Bare Your Teeth: These Savage Shores #1 Review
Story: Ram V
Art: Sumit Kumar
Colors: Vittorio Astone
Letters: Aditya Bidikar
Publisher: Vault Comics
What do you get when you combine greed, blossoming colonialism, a thin veneer of propriety and some good ol’ vampirism?
Why, These Savage Shores, of course.
When I go for comics, historical narratives are usually the last on my list but horror’s increasingly at the top of the pile. These Savage Shores tests my preconceived notions about each genre, and it might have something to do with all of those teeth.
Aside from the immensely satisfying climax in this first issue, what really impresses me is the depth we get in just 28 pages. Ram V’s ideas are imaginative, fantastical and, most importantly, adeptly rendered on the page. Instead of going full Gothic, with every panel laden with dire significance, we’re instead treated to a well-measured dose of exposition with a very cool cliffhanger. It’s a lot of work to get an aristocratic British vampire established, overseas and interacting with local royalty, while also setting up an ancient fallen deity with believable pathos and mystery. Add some tension and gore to the mix, and you’ve got a writer leading the charge who’s in full control of their vision.
Kumar’s art dazzles, and the full package is here on display – from finely detailed architecture and ships to crisp character details to beautifully rendered snapshot-style sequenced panels, I’m left shaking my head and wondering what Kumar can’t do. I also appreciate the subtle cartoonish elements, especially in Alain’s aquiline snobbery and some of the other British characters’ buffoonery. It’s also difficult to style someone like Kori at the right level of sensational, and her moments of levity and irritation give her some immediate depth beyond the stereotypical object of desire, to Kumar’s hand.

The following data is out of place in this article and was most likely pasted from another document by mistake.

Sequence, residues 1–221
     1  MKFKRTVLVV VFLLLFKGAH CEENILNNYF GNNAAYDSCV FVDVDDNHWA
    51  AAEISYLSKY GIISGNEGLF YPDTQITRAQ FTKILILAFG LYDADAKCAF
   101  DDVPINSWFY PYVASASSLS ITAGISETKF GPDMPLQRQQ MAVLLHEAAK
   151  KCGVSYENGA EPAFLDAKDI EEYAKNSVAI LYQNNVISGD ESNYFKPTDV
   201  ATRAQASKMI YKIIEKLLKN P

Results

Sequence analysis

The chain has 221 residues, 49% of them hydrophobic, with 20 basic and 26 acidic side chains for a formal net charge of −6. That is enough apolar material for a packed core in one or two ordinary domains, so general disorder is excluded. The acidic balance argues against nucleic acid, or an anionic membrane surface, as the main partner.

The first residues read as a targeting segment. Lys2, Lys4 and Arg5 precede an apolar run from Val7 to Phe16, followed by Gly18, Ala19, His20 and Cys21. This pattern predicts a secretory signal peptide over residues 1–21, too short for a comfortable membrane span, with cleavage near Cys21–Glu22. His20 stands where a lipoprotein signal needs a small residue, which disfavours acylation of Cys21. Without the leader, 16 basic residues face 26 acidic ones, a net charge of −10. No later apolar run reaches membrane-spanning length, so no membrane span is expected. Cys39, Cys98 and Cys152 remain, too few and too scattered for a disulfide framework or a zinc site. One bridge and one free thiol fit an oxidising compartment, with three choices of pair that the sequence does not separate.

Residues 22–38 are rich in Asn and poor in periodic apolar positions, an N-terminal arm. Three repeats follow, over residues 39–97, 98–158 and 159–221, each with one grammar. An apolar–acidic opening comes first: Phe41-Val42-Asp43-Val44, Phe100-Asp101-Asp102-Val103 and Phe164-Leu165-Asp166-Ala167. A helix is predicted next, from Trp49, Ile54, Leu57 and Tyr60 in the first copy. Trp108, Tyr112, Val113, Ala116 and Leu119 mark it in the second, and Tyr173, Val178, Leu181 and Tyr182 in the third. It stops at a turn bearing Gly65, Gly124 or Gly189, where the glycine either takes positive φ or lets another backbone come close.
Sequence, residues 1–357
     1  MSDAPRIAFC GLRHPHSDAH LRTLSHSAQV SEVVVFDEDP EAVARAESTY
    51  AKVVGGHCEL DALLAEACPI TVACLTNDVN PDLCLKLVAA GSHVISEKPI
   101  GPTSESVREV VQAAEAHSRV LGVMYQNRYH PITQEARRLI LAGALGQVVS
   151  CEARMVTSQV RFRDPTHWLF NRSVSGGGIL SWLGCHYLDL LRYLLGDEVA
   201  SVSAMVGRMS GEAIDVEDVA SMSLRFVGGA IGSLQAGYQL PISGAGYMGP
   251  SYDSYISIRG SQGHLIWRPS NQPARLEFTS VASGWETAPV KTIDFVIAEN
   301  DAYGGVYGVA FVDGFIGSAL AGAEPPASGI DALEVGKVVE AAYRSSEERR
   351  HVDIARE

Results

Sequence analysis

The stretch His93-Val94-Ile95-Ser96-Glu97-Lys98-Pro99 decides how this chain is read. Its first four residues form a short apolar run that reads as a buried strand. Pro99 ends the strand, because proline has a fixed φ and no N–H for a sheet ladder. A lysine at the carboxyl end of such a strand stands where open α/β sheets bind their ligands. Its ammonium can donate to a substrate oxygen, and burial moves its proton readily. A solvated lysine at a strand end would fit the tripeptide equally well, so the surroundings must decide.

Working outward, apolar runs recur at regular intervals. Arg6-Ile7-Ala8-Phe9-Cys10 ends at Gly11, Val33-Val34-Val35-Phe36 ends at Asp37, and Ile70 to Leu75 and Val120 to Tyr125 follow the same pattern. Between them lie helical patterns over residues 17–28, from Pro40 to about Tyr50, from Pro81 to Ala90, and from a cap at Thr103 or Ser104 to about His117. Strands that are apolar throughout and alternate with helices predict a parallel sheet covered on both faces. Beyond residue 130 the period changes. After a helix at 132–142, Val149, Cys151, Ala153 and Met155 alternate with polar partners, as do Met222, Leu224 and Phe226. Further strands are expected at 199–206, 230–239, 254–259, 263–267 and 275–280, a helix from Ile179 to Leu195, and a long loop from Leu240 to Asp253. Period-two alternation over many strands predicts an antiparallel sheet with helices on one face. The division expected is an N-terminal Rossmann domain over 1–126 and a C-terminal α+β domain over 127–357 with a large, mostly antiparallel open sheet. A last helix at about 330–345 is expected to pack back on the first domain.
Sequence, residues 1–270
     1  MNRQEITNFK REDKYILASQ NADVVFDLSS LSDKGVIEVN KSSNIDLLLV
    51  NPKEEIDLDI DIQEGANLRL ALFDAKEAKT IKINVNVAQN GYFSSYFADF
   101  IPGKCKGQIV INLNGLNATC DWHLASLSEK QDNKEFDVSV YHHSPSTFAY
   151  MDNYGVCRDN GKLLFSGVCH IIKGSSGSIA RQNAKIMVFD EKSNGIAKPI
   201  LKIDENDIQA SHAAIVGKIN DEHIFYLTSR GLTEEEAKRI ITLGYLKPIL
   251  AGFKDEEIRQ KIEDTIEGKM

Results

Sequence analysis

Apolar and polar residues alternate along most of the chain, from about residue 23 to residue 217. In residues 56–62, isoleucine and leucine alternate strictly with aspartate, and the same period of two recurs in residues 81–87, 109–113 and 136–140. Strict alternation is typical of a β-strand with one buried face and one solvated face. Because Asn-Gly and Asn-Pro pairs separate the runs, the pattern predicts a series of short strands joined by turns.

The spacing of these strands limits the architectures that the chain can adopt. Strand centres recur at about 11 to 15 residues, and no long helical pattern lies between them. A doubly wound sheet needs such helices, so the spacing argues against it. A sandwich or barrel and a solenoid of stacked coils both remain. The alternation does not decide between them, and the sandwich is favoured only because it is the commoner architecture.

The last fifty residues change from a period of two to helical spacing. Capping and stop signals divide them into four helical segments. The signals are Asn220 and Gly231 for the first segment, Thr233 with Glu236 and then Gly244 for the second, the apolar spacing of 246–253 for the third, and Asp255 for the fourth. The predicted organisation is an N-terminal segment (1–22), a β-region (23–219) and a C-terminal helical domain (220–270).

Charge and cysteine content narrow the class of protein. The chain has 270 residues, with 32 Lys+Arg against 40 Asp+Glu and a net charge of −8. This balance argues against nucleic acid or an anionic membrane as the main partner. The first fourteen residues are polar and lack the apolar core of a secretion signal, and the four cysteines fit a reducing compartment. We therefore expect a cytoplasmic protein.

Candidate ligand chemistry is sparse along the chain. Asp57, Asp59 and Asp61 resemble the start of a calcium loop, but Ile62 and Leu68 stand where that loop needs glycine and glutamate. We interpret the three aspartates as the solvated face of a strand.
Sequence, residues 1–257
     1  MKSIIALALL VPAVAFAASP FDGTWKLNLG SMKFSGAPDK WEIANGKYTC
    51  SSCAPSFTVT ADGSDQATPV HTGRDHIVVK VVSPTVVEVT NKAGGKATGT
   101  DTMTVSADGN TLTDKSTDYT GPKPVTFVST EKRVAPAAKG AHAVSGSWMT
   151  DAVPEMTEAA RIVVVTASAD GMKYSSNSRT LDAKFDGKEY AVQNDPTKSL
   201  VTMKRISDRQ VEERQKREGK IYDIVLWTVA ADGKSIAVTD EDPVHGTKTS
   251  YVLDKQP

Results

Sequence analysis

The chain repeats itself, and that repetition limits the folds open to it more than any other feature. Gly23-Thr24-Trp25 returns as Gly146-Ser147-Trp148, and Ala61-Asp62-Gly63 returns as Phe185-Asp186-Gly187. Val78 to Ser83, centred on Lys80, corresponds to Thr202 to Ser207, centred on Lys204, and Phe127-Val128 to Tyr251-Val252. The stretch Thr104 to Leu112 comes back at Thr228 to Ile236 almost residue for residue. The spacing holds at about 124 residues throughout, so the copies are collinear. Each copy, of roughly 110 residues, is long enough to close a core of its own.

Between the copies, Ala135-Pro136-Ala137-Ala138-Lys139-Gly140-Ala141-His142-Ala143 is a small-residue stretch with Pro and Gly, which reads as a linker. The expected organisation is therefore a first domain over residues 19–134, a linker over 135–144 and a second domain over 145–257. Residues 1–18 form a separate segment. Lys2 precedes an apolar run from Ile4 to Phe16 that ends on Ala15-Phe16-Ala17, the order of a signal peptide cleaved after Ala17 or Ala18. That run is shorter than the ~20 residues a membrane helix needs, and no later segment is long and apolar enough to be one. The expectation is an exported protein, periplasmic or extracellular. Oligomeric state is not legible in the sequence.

Astone’s work is also impressive. The blues and greens of the anemic, cramped British backdrops quickly give way to warmer hues, but the contrast isn’t as on the nose as it sounds. Alain’s first evening at Prince Vikram’s estate is done in gorgeous purples and grays, while the finely paced temple dance scene, intercut with Alain’s first foray into the evening, glows with lively colors that never turn garish.
One of the main reasons I don’t like reading historical comics? Most of them include some sort of epistolary element, which means cursive. And cursive lettering is the bane of my eyeballs. It’s either sprawling or spidery, florid or cramped – no happy medium. Not this time, because Bidikar’s choice of typeface is perfect. It’s compact without sacrificing readability. Alain’s style differs distinctly from Prince Vikram’s, both of which are pleasantly rendered and unobtrusive.
Unobtrusive! Can it be so? Yup, and Bidikar absolutely nails it.
I’m damn excited for this book, and you should be too. These Savage Shores sets up a hell of a lot in its first issue, and promises a lot more intrigue in the future. It’s out October 10th and promises to be another gem in an increasingly impressive line-up from Vault Comics.
These Savage Shores #1 sets a higher bar for historical-cum-horror narratives, with great action, superb craft and a well-executed concept.